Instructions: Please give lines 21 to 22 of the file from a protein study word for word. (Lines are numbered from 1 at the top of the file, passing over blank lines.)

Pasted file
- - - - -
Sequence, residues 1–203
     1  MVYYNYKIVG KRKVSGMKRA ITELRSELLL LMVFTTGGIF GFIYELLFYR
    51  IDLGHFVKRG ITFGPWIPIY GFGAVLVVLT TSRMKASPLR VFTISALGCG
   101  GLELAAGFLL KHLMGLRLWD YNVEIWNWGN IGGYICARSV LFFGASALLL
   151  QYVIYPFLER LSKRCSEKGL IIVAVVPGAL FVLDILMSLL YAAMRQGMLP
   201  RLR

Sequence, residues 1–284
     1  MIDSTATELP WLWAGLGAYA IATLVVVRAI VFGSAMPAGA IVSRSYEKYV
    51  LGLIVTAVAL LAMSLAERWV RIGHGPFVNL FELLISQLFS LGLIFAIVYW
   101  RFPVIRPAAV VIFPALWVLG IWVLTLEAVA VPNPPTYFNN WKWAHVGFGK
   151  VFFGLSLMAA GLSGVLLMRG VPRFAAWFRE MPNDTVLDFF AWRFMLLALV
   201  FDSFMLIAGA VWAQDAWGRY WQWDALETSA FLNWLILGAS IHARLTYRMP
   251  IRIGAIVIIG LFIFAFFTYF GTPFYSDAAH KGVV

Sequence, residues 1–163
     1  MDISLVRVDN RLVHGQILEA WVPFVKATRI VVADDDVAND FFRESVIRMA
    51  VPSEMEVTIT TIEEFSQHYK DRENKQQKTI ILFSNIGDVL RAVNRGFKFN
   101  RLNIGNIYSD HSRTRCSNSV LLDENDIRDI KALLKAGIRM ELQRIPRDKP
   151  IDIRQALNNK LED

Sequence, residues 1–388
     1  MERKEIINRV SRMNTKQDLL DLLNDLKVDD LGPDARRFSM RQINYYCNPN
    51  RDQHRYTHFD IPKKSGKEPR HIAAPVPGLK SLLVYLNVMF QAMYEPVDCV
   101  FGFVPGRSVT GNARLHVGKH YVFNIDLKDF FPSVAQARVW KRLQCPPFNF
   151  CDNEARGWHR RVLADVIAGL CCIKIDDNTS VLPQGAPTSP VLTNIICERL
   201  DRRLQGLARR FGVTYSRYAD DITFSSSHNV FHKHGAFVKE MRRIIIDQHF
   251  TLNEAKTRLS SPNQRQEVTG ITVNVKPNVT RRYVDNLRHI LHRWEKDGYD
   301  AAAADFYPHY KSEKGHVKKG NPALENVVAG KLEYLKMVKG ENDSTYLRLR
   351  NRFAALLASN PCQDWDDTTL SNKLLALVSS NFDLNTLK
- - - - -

    51  RDQHRYTHFD IPKKSGKEPR HIAAPVPGLK SLLVYLNVMF QAMYEPVDCV
   101  FGFVPGRSVT GNARLHVGKH YVFNIDLKDF FPSVAQARVW KRLQCPPFNF